US Voting Rights Act Scuttled
By a 5-4 vote, the U.S. Supreme Court ruled an entire section of the 1965 Voting Rights Act (VRA) unconstitutional – a far-reaching decision which directly impacts South Carolina and eight other states.
Specifically, the court tossed section four of the legislation – which deals with the formula for determining which states are required to “pre-clear” changes to their election law with the U.S. Department of Justice (USDOJ). The VRA was last authorized by the U.S. Congress in 2006, however the government is still using data from 1972 to determine which states are subject to this “pre-clearance” requirement.
A county government in Alabama argued this was unfair … and won.
Liberals were apoplectic, including U.S. Rep. John Lewis (D-Georgia). The former civil rights leader bristled at the decision, accusing the court of putting “a dagger in the heart of the Voting Rights Act.” At the heart of the left’s indignation is the potential for the dismantling of “majority-minority” districts – in which natural geographic borders are manipulated (a.k.a. “gerrymandered”) so as to guarantee that a majority of eligible voters are black.
Well, we’ve got two words for these liberals – “Tim Scott.”
For those of you unfamiliar with the name, he’s the black U.S. Senator who was elected to a lily white district in the S.C. House – and later the U.S. House of Representatives. He was also appointed to a seat in the U.S. Senate recently by Nikki Haley, the Indian-American woman elected to statewide office in 2010 in South Carolina.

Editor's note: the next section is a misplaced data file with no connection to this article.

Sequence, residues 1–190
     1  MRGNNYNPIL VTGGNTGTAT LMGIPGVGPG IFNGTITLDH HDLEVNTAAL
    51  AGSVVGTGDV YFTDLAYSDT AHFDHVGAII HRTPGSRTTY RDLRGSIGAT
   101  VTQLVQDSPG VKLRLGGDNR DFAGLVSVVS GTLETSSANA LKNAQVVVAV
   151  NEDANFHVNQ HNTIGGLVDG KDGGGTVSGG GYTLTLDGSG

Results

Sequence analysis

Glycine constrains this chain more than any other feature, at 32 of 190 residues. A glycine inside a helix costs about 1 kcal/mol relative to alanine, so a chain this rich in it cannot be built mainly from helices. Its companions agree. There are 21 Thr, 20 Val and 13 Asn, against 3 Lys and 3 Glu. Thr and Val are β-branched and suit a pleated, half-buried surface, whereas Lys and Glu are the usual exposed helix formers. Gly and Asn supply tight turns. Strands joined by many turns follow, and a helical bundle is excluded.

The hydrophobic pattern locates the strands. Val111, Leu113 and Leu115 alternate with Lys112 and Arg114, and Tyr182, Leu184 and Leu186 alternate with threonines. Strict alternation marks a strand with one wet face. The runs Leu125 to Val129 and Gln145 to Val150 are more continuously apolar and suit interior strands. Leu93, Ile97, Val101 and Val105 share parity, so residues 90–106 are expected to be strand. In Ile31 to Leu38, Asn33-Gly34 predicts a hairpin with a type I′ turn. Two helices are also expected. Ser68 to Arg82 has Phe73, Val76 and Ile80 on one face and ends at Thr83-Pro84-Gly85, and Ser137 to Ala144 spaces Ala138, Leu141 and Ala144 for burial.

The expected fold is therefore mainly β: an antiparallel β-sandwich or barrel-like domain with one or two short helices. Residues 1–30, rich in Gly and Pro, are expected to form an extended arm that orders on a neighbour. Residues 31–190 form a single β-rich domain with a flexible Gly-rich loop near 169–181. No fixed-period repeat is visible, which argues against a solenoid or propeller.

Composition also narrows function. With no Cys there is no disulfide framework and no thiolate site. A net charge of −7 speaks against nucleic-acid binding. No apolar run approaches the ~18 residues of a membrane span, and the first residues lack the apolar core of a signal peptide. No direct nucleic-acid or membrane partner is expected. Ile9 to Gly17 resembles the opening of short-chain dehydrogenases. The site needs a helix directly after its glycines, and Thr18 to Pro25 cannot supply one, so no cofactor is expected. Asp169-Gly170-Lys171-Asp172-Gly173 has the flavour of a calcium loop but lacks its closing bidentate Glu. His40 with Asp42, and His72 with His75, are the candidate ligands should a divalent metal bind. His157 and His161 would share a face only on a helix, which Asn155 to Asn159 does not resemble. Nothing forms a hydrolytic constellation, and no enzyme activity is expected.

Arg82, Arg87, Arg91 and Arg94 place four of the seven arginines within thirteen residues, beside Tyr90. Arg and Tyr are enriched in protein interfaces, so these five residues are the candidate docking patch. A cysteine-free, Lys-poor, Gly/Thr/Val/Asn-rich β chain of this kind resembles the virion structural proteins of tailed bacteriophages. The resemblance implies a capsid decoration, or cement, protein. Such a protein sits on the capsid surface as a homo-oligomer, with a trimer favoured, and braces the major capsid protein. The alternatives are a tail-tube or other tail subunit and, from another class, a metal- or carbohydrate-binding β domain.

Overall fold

And while this website has had plenty of not-so-nice things to say about both Haley and Scott (especially Haley), the fact they were elected in an ostensibly “discriminatory” state like South Carolina is compelling evidence that VRA “pre-clearance” requirements are antiquated.
In fact we said as much last September …
Furthermore … what exactly have “majority-minority” districts in South Carolina produced?
We cannot continue to let race dictate our decisions. That’s not equality, it is discrimination. The ultimate standard of equality is a society is when equal protection is guaranteed … and preferential treatment is outlawed.
Oh, and speaking of “equal protection,” there is a major voting rights issue that U.S. President Barack Obama’s DOJ needs to get busy addressing if it is to have even a shred of credibility criticizing the court’s decision.